Microsoft has warned users about a large-scale phishing campaign that has been targeting over 10,000 organizations to perform follow-on business email compromise (BEC).
As part of the campaign, the attackers have been using adversary-in-the-middle (AiTM) phishing sites to steal credentials, and have been hijacking sign-in sessions to bypass authentication even with multifactor authentication (MFA) enabled.
AiTM is a phishing technique in which the attackers deploy a proxy webserver between the user and the site they are trying to sign in to, to intercept the user’s credentials and their session cookie, which enables the user to remain authenticated to the site.
The phishing page uses two different TLS sessions – one with the user and the other with the site the user tries to access – to intercept the authentication process and extract the targeted sensitive information.
“Once the attacker obtains the session cookie, they can inject it into their browser to skip the authentication process, even if the target’s MFA is enabled,” Microsoft notes.
Since September 2021, Office 365 users at over 10,000 organizations have been targeted in attacks that have been spoofing the Office online authentication page.
In one attack, the threat actor targeted multiple employees at different organizations with emails that carried an HTML file attachment, and which claimed that the recipient had a voice message.
Once the HTML file was opened, it would load in the user’s browser and display a fake download progress bar.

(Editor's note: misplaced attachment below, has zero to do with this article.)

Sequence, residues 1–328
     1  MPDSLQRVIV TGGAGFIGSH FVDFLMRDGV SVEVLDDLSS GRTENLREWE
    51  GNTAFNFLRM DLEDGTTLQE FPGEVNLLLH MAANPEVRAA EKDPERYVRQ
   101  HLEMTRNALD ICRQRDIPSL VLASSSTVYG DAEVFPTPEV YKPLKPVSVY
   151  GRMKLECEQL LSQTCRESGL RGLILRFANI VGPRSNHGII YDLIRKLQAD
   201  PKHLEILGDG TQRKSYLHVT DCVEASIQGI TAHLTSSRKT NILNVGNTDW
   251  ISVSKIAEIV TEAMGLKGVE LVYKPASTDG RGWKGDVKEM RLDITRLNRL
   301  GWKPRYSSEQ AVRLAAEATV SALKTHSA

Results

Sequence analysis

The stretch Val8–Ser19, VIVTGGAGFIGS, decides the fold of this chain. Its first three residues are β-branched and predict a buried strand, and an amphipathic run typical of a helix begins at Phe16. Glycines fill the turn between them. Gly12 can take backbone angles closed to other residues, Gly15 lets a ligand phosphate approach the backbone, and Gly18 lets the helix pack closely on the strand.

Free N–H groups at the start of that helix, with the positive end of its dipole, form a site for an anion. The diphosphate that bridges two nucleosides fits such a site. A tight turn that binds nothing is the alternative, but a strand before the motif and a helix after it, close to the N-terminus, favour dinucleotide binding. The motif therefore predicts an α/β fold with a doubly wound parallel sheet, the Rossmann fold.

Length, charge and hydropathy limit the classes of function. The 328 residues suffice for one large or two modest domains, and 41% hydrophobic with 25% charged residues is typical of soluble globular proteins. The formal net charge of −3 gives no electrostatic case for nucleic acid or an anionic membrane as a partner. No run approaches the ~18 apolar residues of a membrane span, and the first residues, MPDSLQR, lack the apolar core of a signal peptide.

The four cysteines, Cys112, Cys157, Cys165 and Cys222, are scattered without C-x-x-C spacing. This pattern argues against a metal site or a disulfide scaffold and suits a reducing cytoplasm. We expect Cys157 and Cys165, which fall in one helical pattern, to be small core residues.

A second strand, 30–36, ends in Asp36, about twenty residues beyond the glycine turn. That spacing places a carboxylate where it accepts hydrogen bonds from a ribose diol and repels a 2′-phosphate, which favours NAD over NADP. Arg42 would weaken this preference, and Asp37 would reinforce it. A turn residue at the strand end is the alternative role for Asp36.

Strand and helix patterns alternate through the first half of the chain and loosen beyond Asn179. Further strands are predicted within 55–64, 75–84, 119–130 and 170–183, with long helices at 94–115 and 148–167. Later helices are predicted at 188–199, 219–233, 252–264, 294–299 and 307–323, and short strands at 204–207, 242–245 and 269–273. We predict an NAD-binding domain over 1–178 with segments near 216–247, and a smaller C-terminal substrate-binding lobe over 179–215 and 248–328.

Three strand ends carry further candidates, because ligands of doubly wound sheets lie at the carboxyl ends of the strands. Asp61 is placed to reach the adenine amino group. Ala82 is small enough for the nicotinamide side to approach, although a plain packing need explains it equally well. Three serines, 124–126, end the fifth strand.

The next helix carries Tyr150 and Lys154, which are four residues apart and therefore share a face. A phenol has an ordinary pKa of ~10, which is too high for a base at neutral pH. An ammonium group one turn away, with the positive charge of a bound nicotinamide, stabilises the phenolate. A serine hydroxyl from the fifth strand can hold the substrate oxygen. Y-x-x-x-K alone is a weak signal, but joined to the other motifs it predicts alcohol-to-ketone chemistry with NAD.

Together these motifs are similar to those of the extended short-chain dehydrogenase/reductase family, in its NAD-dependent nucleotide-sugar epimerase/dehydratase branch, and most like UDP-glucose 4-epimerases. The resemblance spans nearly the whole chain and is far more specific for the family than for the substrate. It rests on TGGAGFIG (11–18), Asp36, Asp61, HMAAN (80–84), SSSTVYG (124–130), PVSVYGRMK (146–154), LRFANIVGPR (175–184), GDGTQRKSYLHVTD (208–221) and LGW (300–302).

Instead, the victim was redirected to a phishing site, where the recipient’s email address was automatically filled out in the sign-in field, a technique meant to enhance the social engineering lure and to prevent anti-phishing solutions from accessing the page.
The webserver proxied the target organization’s Azure Active Directory (Azure AD) sign-in page, which also contained the organization’s logo where necessary.
“Once the target entered their credentials and got authenticated, they were redirected to the legitimate office.com page. However, in the background, the attacker intercepted the said credentials and got authenticated on the user’s behalf. This allowed the attacker to perform follow-on activities—in this case, payment fraud—from within the organization,” Microsoft explains.
Follow-on payment fraud activities typically started roughly five minutes after the credential theft. The attackers used the stolen session cookie to log in to Outlook online (outlook.office.com).
In the days following the initial compromise, the adversary would access finance-related emails and file attachments and search for email threads that would allow them to perform BEC fraud. They also deleted the original phishing email from the victim’s inbox.
“These activities suggest the attacker attempted to commit payment fraud manually. They also did this in the cloud—they used Outlook Web Access (OWA) on a Chrome browser and performed the above mentioned activities while using the compromised account’s stolen session cookie,” Microsoft says.
After identifying an email thread relevant for their activities, the threat actor would create a rule to have messages from the BEC scam target sent to the archive folder, to prevent the mailbox owner from noticing the fraudulent activity.
The adversary then replied to an ongoing thread related to payments and then logged in every few hours, to check for replies from the recipient. In some cases, the attackers would communicate with the intended victim for days.
“On one occasion, the attacker conducted multiple fraud attempts simultaneously from the same compromised mailbox. Every time the attacker found a new fraud target, they updated the Inbox rule they created to include these new targets’ organization domains,” Microsoft explains.
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